Cable Exec: A la Carte Poses a Threat to Hollywood’s Creative Community

Sep 24, 2013  •  Post A Comment

A leading cable executive issued a scathing assessment of the a la carte programming model. Appearing in Beverly Hills at the media event TheGrill, FX Networks CEO John Landgraf said a la carte poses a threat to the Hollywood creative community, the cable industry and consumers, TheWrap.com reports.

Said Landgraf: “I think it’s a risk to the whole ecosystem.” The executive added that half the jobs in Hollywood would disappear if the current model gave way.

“If that happened, you’d see the greatest recession in the history of Hollywood," he said.

"While he acknowledged ‘a certain amount of genuine consumer irritation’ over the current cable model and its resultant prices, he insisted that it’s still a relatively cheap form of entertainment compared to other forms of entertainment and that the current way of doing business is essential to a financially viable entertainment industry," the story reports.

Added Landgraf: “There are a lot of interested parties that would like to see the system fall apart (but) it’s just a really efficient economic model.”

And: “If you look at the town we sit in and all of the agencies and all of the people in these agencies … they’re dependent on this model. They’re absolutely dependent on this model."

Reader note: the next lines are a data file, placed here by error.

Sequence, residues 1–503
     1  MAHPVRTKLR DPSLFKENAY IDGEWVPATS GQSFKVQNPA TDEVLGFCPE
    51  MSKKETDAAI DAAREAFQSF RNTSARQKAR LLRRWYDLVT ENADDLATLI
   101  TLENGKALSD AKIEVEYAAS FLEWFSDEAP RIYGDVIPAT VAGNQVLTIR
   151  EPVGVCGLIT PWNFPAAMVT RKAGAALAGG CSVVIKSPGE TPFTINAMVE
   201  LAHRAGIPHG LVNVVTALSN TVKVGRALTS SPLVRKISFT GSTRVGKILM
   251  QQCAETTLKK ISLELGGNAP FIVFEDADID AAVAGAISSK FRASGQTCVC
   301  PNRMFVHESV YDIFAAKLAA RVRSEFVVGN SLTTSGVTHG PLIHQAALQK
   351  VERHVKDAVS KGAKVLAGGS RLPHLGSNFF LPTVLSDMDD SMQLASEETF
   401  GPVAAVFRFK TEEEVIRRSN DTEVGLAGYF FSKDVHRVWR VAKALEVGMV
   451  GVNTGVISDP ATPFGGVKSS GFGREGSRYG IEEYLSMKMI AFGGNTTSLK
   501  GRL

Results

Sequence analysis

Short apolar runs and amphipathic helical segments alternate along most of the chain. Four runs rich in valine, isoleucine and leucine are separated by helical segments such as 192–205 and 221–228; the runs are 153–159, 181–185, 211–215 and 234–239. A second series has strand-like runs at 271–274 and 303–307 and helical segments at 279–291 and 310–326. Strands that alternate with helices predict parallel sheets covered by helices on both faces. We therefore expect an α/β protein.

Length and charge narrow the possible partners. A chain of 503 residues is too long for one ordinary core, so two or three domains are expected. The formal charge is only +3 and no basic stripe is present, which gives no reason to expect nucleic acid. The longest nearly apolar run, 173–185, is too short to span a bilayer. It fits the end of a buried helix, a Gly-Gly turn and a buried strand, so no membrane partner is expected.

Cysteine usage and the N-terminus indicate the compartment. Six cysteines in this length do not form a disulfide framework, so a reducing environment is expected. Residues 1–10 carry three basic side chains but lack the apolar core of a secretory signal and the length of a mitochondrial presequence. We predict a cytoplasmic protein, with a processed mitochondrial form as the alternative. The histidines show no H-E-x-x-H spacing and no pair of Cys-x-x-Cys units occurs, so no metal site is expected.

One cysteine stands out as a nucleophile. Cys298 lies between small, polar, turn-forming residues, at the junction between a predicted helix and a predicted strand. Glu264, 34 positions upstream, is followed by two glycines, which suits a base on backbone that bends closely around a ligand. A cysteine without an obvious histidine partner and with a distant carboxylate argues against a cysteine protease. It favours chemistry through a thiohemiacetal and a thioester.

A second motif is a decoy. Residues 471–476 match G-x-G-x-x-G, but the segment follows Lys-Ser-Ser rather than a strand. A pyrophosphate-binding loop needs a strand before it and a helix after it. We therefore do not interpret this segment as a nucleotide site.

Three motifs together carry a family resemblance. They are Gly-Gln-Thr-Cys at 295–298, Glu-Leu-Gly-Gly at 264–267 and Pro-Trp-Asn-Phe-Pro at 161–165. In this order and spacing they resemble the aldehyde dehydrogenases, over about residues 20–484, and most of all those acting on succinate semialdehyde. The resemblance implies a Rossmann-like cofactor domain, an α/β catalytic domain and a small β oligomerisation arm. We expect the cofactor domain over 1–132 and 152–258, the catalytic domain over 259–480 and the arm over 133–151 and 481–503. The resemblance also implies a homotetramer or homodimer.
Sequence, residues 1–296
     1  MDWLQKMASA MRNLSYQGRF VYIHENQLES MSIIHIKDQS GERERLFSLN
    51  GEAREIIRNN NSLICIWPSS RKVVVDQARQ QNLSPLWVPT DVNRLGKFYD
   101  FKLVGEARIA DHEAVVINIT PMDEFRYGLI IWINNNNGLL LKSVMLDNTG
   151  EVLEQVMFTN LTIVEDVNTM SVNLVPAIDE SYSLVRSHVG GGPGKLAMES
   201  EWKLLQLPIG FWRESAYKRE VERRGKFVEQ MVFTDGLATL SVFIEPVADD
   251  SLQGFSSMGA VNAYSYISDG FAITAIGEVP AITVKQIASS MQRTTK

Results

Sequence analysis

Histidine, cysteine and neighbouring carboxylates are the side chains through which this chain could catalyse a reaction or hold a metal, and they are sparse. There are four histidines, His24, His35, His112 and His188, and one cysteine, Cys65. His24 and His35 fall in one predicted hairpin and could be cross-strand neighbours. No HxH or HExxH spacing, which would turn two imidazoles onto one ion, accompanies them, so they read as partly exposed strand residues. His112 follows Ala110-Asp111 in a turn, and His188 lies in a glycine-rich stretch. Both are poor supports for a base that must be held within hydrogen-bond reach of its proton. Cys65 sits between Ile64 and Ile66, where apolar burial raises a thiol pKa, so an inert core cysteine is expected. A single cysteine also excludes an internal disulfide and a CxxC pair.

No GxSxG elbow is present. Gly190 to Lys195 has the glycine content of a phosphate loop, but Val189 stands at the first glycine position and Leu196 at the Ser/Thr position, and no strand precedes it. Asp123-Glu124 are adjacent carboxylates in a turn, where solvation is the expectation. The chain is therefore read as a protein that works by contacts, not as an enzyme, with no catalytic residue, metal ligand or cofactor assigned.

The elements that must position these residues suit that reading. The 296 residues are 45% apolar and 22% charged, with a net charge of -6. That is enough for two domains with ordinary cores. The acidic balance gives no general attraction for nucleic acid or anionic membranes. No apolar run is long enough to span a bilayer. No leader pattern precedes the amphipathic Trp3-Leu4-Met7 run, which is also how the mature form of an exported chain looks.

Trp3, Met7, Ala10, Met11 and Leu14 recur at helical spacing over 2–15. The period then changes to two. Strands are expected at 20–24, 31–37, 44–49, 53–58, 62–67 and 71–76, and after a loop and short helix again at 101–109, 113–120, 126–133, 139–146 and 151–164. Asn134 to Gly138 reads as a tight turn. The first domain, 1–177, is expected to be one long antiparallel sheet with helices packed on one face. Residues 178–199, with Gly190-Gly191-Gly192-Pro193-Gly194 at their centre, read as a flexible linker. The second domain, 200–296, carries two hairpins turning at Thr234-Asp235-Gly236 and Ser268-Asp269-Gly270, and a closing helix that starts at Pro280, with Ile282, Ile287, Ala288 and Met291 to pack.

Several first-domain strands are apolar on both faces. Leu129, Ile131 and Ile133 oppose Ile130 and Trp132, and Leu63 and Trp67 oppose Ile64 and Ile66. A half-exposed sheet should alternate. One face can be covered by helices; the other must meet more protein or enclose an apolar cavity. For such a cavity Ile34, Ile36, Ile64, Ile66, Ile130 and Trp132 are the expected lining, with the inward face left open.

From a consumer standpoint, Landgraf said, the loss of revenue from pay-TV subscriptions would hit the funding of programming, leading to “more homes paying higher prices for fewer channels.”

Here’s a taste of what Landgraf had to say:

5 Comments

  1. Exactly the point! I don’t want to pay for shows I don’t want to watch and I don’t wish to have my money spent producing shows against my believes. It’s called the free market system and it has been a long time since the consumer has had a voice. Hollywood worried, it’s about damn time!

  2. Rather than fight this, Hollywood should be looking for ways to solve the problem. I no longer subscribe to cable and pay Way less to Netflix and Amazon for the shows I want to watch. I am not going to support networks that I have never watched and never will watch.

  3. In Mr. Landgraf’s world you would be required to buy a set of tires to get a tune up and have to buy the cauliflower to buy a bunch of broccoli! Reminds me of a scene where Jack Nicholson wanted to buy toast!

  4. What Mr. Landgraf and many of the commenters here don’t seem to realize is this… this aspect of the reality (of the world at large), is that it isn’t an either/or world.
    There is no reason there can’t be both ala carte programming (to serve those who want individual channels) and bundled programming (for those who want all they can get for the best price).
    And there’s still a third option.
    A combination of the two… for those who want bundles of all of a certain type of programming (say HGTV, DIY and similar channels that come with those two) and certain individual channels (say ESPN and Speed). Yeah… this kinda a guy wish list.

  5. Guess what buddy? It’s ala carte or NO cart. There are increasing numbers of cable cutters and you have been way too slow to adapt. Heard of Netflix. Hulu, Apple TV, Roku, Amazon VOD etc.? Innovator’s Dilemma? Remember the music industry? Remember Local TV? Yes, theirs is coming too. Watch for it.

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